My wonderful GP has been pushing for a face to face appointment with my pain consultant for a while and I was relieved when I got the date through to see him. I explained to him how everything was affecting me and that I really needed to stick to eight weeks but he explained that if he did that for me he'd have to do it for everyone and they just don't have the staff or the space/beds to accommodate it. 
So what was I to do? 

My consultant has given me a prescription for two different medications to try. They are medications that I can use for the four weeks and then stop until the next time I need them, they don't need to be built up over time. It's the perfect time right now because I am right in the middle of weeks eight to twelve, so I am going to see whether either of these have any effect🀞

I have a bit of a history with different pain medication, including opiates. I have tried a lot of different medications, over the years, to try and lessen the nerve pain I have, but I struggled to find anything that would help. 
I had a situation back in 2012 where, unbeknown to me, I had become addicted to an opiate called Oxycodone, this was before all the uproar in America. I had to go into hospital to withdraw from it, so I'm very hesitant to use opiates again. But I trust my consultant and whatever I use, it is only going to be for weeks eight to twelve and then I can stop taking it until the next time. 
He has prescribed Clonidine and Nefopam. I am to try one for a couple of days and see if it helps, then I can try the other one. I am having my lidocaine infusion on 8th March and I can report back to the nurses whether either of these have helped. The other thing that he has told me is that one of the other pain meds that I am already taking, called Duloxetine, I can increase that up to double the amount and see if that helps. It is another one that I am able to increase and then I can decrease it once I've had the lidocaine. 
It will be a bit of a trial for the first couple of times, to find the right combination of meds that give me relief, but I'm used to that and have learnt to have a bit of patience until I get the relief I need but I'd be lying if I said it was easy 😞 
Actually the relief I need would be to stop all the buzzing, the pins and needles and burning sensations that I have but as I know that the MS has caused the damage and that isn't going to happen, I need to make the best of a horrible situation, so it's onwards and upwards πŸ˜€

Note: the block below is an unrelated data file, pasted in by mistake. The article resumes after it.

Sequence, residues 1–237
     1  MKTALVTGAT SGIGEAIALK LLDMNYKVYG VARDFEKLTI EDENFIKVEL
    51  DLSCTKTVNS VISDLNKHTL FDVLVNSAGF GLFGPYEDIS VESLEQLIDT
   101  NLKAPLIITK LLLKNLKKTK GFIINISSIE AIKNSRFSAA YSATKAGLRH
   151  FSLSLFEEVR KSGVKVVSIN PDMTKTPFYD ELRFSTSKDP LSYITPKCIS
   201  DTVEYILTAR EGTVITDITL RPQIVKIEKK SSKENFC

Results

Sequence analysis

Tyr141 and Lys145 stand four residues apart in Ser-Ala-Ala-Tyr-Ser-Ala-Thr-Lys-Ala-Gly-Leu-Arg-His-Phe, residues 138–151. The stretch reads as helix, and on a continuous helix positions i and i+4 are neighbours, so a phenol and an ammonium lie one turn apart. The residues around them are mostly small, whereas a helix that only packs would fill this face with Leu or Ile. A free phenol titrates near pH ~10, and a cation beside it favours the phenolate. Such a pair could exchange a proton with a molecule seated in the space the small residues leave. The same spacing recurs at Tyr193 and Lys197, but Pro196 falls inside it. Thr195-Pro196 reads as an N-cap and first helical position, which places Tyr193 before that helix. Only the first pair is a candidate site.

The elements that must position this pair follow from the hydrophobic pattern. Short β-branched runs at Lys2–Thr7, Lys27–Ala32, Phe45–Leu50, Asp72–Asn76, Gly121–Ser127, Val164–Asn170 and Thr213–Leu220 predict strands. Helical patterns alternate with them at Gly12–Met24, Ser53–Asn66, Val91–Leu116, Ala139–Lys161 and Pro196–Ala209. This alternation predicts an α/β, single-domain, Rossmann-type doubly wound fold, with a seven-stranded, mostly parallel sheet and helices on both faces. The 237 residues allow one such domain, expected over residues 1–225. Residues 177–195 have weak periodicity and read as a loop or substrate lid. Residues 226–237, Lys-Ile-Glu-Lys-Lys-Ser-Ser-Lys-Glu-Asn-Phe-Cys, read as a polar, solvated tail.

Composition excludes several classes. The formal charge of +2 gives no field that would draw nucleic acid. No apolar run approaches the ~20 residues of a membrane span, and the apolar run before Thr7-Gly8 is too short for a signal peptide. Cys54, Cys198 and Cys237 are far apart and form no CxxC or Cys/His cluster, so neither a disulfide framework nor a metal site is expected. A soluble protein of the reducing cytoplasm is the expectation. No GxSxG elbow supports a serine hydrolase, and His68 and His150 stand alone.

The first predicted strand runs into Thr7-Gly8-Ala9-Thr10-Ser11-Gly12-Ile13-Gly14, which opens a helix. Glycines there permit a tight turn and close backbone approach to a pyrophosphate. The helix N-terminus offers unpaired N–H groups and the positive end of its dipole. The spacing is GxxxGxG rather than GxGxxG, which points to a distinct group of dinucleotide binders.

Amelia
XxXxX πŸ’•

As always, I like to share a bit of Rosie love, she is such a sweetheart! 

She actually sat on my lap for the first time in ages! 😻

Monday 19 February 2024

18 days.......but who's counting?


So, I have 18 days to go before my lidocaine infusion and a week before I see my pain consultant. I am trying to keep myself distracted and not counting every minute but it's proving quite difficult. 

I have had, a few times this week, a feeling like the nerves in my body have felt as though I've been plugged into the electricity. It feels like they are pulsing and as well as being painful it can be distracting too. 
I also find myself holding so much tension in my body. I try to catch myself doing it and release the tension but it's not easy. 

I've been trying to keep myself as active as I can be, which is pretty difficult when you can only mobilise with crutches. There have been many times over the years where I just want to throw them away but what good would that do, apart from leave me stranded. It's so frustrating, I just want to get up and walk across the room but I can't without the palaver of getting myself set up with the crutches, getting steady on my feet and only then can I move forward. Don't expect to need me in a hurry! 😞

I've been having regular physio sessions and I'm lucky to have a great physio. She is helping me to keep as active as I can be and to keep as much strength in my legs and arms as possible. 
I know it will shock those of you who know me but I've always been quite headstrong and determined πŸ˜‚ that does come in handy though because it is helping me to keep going with my physio exercises. 
Every morning, and I have done this over the past few years, I do some of my exercises and I do lengths of our living room. I basically walk back and forth across the living room/kitchen. I used to be able to do this ten to fifteen times a couple of times a day but now I'm lucky if I can do it five to eight times, once a day, but I guess anything is better than nothing right? πŸ‘

I remember why I started doing this, I got a watch that would remind me that I hadn't stood up and moved for a while. It also counted my steps and I became obsessed! I worked my way up to walking across the kitchen and living room and bear in mind I am always using my crutches, so it's never very pretty. 
But I became obsessed with how many steps I was able to do and I would try and do that many each day. I'd be delighted if I did more. Obviously if I went out that would boost my tally and I remember when I was able to do a thousand steps or more, now though I'm only managing about four hundred a day but it's always better than nothing.